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Questions for Baltimore

Frederick Douglass said, "It is easier to build strong children than to repair broken men." Collectively, as a city, it is urgent that we act on his vision. The April uprising was a cry for help from our children that should have been a wake-up call for our city to address the root causes that create social, educational and economic disparities. Why then are we still not hearing and listening to our children?

Why is our city's sense of urgency only triggered to mobilize police resources in anticipation of an uprising from a verdict in the Officer William Porter trial ("City leaders prepare for unrest, call for peaceful protests ahead of verdict," Dec. 16)? Why can our city find resources for police mobilization and overtime when resources for after-school programs, the most effective crime prevention program, are scarce? What do our children learn when they see their communities being militarized for "protection?" Why does the CEO of the Baltimore City Public Schools "arrest" our children's development as citizens by telling them in a letter that protests and other legitimate expressions of free speech will be treated as criminal behavior?

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Why are we forgetting that our city's zero tolerance policy of mass arrests has broken thousands of men and women, as well as the trust of many of our communities? Where is our urgency to adopt a model of city governance that engages and serves our underserved communities through a 24/7 integrated human service model which brings together education, health, social, recreation and job training services that are implemented through local community councils that help make decisions about allocation and deployment of resources?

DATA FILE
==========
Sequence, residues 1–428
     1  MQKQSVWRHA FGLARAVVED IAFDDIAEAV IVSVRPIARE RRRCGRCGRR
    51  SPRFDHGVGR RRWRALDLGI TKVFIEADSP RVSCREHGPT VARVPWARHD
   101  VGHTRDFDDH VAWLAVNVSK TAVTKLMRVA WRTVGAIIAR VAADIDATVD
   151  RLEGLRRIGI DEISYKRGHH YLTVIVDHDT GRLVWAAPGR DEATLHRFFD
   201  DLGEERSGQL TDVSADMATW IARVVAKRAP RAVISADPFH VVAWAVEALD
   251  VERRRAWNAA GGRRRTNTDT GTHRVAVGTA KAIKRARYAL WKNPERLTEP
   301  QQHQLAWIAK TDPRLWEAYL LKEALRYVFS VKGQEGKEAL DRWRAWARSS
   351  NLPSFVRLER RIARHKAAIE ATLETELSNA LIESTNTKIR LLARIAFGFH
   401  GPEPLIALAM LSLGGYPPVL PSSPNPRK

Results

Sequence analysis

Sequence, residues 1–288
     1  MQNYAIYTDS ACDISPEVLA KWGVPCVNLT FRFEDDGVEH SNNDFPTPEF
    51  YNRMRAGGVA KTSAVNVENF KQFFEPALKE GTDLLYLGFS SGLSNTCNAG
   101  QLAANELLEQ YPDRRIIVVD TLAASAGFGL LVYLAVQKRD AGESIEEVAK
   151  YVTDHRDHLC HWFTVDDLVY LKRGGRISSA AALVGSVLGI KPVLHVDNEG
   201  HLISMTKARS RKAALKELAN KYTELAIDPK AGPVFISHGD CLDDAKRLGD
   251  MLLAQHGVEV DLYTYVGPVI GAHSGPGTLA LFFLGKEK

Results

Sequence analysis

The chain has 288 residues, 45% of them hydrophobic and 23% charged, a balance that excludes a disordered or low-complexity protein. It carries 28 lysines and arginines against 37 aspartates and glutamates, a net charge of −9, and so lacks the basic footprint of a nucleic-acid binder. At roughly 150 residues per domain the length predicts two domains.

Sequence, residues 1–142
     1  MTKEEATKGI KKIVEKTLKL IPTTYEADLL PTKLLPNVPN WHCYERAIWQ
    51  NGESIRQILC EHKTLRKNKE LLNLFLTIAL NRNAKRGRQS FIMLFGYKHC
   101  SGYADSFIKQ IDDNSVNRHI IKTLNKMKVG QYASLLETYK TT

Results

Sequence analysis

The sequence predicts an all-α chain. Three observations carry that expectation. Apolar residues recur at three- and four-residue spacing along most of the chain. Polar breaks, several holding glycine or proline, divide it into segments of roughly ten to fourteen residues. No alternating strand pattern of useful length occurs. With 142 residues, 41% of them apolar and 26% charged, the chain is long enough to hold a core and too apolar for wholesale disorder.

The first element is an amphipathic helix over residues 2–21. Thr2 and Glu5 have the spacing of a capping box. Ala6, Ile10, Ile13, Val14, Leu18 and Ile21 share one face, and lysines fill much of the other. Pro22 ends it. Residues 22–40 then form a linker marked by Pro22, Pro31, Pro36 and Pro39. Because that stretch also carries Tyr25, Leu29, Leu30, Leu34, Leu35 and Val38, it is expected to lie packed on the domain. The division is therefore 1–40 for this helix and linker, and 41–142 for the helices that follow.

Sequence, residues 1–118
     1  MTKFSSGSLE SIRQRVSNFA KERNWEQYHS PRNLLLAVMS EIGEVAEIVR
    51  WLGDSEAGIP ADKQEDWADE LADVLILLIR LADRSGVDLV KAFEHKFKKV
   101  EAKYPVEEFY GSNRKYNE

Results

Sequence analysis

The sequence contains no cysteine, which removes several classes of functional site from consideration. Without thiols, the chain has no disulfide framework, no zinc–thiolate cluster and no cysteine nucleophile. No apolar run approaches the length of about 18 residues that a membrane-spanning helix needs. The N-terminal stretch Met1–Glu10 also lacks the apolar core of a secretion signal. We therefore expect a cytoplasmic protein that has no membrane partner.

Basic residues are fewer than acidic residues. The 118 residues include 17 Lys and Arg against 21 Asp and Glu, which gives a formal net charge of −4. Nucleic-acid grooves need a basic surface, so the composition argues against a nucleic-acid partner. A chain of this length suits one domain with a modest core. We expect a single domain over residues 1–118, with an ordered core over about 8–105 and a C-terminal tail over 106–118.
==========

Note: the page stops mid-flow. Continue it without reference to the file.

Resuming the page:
More than a decade ago, I was the lone elected official to document and challenge the city's zero tolerance policy. I had to fight against powerful political forces that supported this misguided policy which sowed seeds of community distrust with the police and resulted in thousands of our fellow citizens who cannot obtain jobs due to arrest records. I hope today I am not alone as an elected official expressing deep concern and questioning the direction of our city.

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Del. Jill P. Carter, Baltimore

The writer, a Democrat, represents District 41, Baltimore City, in the House of Delegates.

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